Hammer Toes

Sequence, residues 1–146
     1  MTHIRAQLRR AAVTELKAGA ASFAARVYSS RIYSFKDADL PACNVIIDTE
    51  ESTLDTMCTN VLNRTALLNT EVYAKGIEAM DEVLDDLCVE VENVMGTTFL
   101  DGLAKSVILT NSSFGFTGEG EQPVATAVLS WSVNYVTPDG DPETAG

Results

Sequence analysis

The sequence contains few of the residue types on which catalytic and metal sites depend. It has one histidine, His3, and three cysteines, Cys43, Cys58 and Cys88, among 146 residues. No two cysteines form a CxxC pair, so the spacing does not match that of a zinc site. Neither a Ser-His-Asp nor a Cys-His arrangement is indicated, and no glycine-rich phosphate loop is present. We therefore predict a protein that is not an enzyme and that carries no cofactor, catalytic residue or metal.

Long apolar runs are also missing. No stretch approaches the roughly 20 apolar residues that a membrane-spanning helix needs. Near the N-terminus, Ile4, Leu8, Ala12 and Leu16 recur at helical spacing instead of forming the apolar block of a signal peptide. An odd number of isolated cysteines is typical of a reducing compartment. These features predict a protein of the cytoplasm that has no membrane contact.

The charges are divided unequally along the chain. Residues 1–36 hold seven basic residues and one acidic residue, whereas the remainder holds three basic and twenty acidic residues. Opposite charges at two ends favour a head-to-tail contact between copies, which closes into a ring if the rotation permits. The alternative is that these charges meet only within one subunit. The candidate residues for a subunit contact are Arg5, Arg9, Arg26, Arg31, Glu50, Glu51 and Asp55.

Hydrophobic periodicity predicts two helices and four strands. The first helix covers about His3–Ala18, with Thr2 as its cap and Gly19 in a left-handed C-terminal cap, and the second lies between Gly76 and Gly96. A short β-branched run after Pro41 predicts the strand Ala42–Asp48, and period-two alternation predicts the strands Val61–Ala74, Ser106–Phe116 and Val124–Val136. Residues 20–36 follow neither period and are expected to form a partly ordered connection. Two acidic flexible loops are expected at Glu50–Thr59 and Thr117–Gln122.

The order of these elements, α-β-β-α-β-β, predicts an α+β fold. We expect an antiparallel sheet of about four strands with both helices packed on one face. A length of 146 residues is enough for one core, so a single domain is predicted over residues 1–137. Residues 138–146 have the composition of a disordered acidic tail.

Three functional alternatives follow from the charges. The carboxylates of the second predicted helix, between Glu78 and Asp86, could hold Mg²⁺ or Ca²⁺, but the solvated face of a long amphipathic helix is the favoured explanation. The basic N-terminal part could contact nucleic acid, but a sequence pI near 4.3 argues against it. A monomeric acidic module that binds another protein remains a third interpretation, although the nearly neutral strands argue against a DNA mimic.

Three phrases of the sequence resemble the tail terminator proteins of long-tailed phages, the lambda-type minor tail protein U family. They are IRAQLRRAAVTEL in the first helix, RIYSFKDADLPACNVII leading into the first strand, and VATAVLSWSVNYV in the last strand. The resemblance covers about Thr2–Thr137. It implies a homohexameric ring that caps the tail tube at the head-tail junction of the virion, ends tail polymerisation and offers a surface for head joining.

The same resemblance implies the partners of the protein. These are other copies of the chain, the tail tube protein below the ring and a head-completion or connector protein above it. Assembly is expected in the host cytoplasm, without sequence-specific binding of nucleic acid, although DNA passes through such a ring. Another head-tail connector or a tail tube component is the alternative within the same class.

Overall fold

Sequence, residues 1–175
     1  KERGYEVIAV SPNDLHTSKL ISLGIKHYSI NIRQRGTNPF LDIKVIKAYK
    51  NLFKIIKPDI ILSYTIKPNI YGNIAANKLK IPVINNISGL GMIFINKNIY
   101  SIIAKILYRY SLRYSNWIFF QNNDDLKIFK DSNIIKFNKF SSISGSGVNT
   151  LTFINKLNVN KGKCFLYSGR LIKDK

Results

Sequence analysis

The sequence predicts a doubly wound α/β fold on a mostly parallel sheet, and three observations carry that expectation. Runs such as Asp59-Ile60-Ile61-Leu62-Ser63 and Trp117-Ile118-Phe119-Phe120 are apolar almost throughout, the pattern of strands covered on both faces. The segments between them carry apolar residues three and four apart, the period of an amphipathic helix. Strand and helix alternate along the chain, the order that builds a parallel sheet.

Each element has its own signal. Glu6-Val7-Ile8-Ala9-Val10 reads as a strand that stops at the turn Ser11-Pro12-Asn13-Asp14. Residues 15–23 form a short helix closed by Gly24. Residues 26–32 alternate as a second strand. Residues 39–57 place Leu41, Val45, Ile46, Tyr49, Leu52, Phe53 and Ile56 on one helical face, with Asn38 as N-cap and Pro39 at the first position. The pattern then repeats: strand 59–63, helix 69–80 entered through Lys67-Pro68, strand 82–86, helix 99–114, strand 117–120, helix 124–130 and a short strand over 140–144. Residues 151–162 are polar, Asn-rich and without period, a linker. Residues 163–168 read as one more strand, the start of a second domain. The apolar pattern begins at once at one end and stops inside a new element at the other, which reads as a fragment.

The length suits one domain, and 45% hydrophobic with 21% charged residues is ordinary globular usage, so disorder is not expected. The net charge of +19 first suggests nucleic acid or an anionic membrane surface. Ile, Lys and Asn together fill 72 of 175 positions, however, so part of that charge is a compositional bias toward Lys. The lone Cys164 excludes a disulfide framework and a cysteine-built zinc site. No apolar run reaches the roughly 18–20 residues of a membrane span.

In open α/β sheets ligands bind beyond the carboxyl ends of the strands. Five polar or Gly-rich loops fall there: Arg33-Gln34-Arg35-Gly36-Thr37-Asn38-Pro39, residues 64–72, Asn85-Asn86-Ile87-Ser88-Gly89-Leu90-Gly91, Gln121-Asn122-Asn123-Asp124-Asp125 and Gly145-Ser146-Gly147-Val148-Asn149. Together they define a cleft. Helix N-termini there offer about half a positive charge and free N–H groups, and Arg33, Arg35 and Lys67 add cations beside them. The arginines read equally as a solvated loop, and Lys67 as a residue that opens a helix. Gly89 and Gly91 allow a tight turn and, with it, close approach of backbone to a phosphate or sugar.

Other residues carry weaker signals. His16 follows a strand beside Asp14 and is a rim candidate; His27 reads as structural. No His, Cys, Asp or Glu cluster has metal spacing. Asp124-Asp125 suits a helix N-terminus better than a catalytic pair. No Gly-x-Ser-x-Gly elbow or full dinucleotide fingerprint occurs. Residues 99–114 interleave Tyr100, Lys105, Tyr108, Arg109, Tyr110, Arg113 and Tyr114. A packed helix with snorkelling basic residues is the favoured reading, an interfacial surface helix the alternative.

A normal toe has all its joints – the proximal (PIP) and distal (DIP) interphalangeal joints – lined up in a straight line. In hammer toes, the PIP joint – the joint closest to where the toe joins the foot – is not lined up perfectly in a 180-degree line. The joint juts out at a 30 or 45 degree angle or sometimes more. This makes the toe appear as if it were a hammer. Hence the name “hammer toes” refers to this condition. A hammer toe curls downward; however, one part of it extends upward above the level of the other toes. This part rubs against the shoe that a person wears and the friction begins to wear down the toe. The toe afflicted with hammer toe then can develop a callus. Cause Muscle imbalance, arthritis, and improperly-fitting shoes cause hammer toes. The hammer toe curls downward because the tendons and ligaments of that toe pull it in a downward direction. This occurs because the muscles are contracting, but not relaxing. The joints of the hammer toe may be flexible or rigid. When the condition started to develop, the joint is still moveable and the hammer toe is considered flexible. The longer the condition exists, the more the joint progresses towards immovability, and is called a rigid hammer toe. Treatment & Prevention Because of the part of the hammer toe that juts upward surpassing the level of the top of the other toes, it’s important to wear shoes that have a high toe box. Hammer toe crests and splints may also be used. The best treatment for your hammer toes is to see a podiatrist who can determine the best treatment. Prevention is based on evaluating each pair of shoes in the closet that are worn or those which may be purchased. If the shoes rub against the hammer toe in any way, they must be replaced by ones that won’t cause any friction.